INF-34806 Agent-Based Modelling of Complex Adaptive Systems

Code last year: (INF-50806)


Credits 6.00

Teaching methodContact hours
Group work8
Course coordinator(s)prof.dr. ir. GJ Hofstede
Lecturer(s)prof.dr. ir. GJ Hofstede
dr. SA Osinga
drs. MR Kramer
Examiner(s)prof.dr. ir. GJ Hofstede

Language of instruction:


Assumed knowledge on:

Preferably: INF-22306 Programming in Python or INF-20806 Applied Information Technology.


Why do events happen in society (climate change, poverty, revolution...), or in biology (extinction, plagues...), without anyone being in control? They happen because of coincidences and one thing leading to another, or in academic language, 'self-organisation'. The resulting, usually unintended pattern is called emergent behaviour. Would you like to model emergent behaviour and run your own models, do sensitivity analysis on them and validate them? Then this course is for you.
Emergent behaviour occurs among animals when they form flocks or ecosystems, among people when they form riots or queues, or social norms. The emergent system can be modelled by looking at what drives the agents: rewards, punishments. The simulation model will let these agents interact and generate emergent behaviour. Such models can be valuable in policy making because they 'grow' a miniature version of the real-world system.
The course is for social and biological scientists alike. You can simulate the possible effects of policy measures, marketing campaigns, social media hypes, disease outbreaks, xenophobia, social network structure, social learning. If your focus is on ecosystems you can simulate the effect of genetic mutation rate, diversity, growth rates, predation... If your focus is on social systems you can include artificial sociality in your models. 
In simulating emergence, you consider the system under study as a complex adaptive system. It is complex if the relation of output variables to input variables is in between chaos and linearity. It is adaptive if the agents in the system have some awareness about the system state and can adapt their behaviour accordingly. This leads to a multi-level approach in which both the detail level of the agent, and the overall level of the system, are important.
Some examples of projects from past years that you can try for yourself can be found on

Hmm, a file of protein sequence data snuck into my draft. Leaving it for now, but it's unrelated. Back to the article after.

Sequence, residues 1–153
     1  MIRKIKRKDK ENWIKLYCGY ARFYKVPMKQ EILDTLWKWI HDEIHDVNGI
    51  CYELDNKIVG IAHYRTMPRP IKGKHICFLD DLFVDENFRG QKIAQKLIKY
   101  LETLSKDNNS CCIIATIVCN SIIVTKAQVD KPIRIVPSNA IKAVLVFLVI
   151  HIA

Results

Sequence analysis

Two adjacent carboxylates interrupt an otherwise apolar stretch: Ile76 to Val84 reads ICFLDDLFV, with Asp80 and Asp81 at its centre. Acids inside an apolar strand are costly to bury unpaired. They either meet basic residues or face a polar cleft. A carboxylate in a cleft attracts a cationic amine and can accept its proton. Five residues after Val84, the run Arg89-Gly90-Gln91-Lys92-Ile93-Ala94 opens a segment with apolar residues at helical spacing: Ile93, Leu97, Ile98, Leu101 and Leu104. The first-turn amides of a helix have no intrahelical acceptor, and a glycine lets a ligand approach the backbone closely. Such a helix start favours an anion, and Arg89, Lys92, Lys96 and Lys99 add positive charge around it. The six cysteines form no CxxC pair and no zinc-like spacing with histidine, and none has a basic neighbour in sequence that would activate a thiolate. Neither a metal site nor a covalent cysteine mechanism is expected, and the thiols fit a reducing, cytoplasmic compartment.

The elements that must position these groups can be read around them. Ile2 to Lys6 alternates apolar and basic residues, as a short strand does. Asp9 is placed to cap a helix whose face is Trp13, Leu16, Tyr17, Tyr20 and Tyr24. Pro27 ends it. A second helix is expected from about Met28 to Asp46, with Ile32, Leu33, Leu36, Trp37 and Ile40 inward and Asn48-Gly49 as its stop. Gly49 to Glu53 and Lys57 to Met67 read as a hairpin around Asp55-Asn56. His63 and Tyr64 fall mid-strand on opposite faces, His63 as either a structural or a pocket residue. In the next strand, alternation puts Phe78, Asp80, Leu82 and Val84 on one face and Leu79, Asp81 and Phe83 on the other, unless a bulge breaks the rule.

Learning outcomes:

After successful completion of this course students are expected to be able to carry out the cycle of simulation-based research about emergence in a natural and/or social system of their own definition. Specifically they are expected to be able to:
- apply the concepts from the course book. This is specified in the following practical learning outcomes, all of which will be assessed through the students' case study;
- formulate research questions. This includes selecting a theoretical or empirical question to investigate; fixing an appropriate level of analysis for agents and system; choosing an appropriate level of abstraction (abstract, stylized, or facsimile); operationalizing theoretical constructs in agent properties (perception, motion, communication, action, memory, policy) and in environment properties (heterogeneity, change); modelling agent learning (by experience, evolution, or teaching) and system learning (by emergence);
- create simulations. This involves developing code in NetLogo ( that operationalizes the research questions;
- carry out validation. This involves systematic sensitivity analysis of the variable space and validation against theory, expert knowledge and / or empirical data, using the tools in NetLogo Behaviour-Space;
- draw conclusions. This involves reporting on all of the above steps for one's own project, both in a presentation that uses the simulation created, and in a report.


Carry out all the above steps, first exercising with them using problems from the course book, then developing a case based on a research question from their own discipline of interest. This could be biological, spatial, social scientific or other.
The first part of the course is dedicated to learning basic concepts and techniques. The second part is dedicated to the students' own simulation projects. These should preferably be related to research projects at WUR in the student's area of study.


- final simulation and report (50%);
- participation (50%).
To pass each component requires a minimum mark of 5.0.


See for the adopted book.

Restricted Optional for: MBIBiologyMSc4WD
MBEBiosystems EngineeringMSc4WD